London-based Thomson Financial Bankwatch has confirmed after a bank
survey of about 60 banks that the year 2000 has given rise to few
problems in Eastern Europe. The organization specializes in banking
Following a Sept. 29 test which was uneventful, even with all its
number 9s lined up to give computers a bad time, analysts are looking
forward to a ho-hum leap year test on Feb. 29.
Sally Wicken of TFBW in London explained what some enumerate
journalists did not know concerning September and banking.
"The volume of documentation going through bank IT systems on Sept.
29 (09 291999) is huge, as Sept. 29 is used for a [place holding]
date when an end date for a contract is not specific or important,"
she said. "There were no problems; the day went by without
With all the concentration on Dec. 31, and computers tasked with
turning the year over to "00," some in the banking business did not
give a lot of thought to the IT's additional chore of giving February
its 29 days for the leap year.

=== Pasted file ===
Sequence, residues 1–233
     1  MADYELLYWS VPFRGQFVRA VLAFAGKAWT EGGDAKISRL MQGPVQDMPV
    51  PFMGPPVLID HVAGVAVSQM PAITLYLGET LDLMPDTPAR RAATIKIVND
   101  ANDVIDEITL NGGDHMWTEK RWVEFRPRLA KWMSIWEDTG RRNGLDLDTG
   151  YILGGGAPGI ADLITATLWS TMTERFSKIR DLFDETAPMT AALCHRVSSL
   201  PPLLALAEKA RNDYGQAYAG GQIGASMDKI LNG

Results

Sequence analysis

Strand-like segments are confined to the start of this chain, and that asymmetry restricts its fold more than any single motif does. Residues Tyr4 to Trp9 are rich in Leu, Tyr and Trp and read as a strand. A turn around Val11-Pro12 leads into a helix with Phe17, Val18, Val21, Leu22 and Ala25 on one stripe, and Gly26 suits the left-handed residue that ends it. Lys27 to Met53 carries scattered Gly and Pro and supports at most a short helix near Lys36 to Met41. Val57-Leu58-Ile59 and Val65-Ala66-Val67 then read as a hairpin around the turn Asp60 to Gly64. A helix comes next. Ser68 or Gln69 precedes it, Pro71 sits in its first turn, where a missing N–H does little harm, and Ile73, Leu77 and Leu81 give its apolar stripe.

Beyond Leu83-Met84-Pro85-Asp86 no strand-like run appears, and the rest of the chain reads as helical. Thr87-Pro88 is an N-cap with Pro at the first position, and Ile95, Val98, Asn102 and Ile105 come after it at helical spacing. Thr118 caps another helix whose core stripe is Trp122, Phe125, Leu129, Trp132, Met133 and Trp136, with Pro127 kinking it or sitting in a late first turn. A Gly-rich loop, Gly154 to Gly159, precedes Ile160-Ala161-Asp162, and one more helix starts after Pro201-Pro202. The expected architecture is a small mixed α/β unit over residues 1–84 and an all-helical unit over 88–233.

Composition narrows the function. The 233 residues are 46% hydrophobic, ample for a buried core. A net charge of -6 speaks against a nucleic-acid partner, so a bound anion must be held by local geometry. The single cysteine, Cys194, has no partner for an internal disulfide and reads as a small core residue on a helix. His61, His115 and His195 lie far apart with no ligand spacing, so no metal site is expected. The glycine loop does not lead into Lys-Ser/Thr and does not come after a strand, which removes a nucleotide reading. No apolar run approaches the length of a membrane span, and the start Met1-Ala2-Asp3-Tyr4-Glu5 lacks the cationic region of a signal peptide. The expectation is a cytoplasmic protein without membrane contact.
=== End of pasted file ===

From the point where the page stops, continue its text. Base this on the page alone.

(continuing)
TFBW in May predicted that few problems would arise at the turn of
the century, and that has proved correct, said Wicken.
" As the year progressed, people became more confident that all would
be well. We were happy that we were correct in our predictions and
assessments. The preparation invested apparently paid off."
Banks rated by TFBW reported that computer systems operated well on
Dec. 31- Jan. 1, and that sudden deposit withdrawal did not occur.
Minor outflows of deposits seemed to be related more likely to
changes in bank products and services and seasonal factors, with
central bank regulations adequate to compensate any need for
additional liquidity, Wicken said.
Individual bank responses have shown that corporate customers did not
report problems stemming from the date change.
"Electric companies and other concerns dependent on IT among bank
customers in Eastern Europe did not report problems," Wicken said.
TFBW predicted that future glitches, should they become apparent in
coming weeks or at a leap year, will not be problematic.
Analysts expect investments made in banks' IT systems in anticipation
of New Year's Eve to ensure an uneventful Feb. 29 and at the same
time to increase banks' competitiveness and operational efficiency,
more-so and quicker, than if modernization had come on a timetable
unhurried by the aspect of Y2K bugs.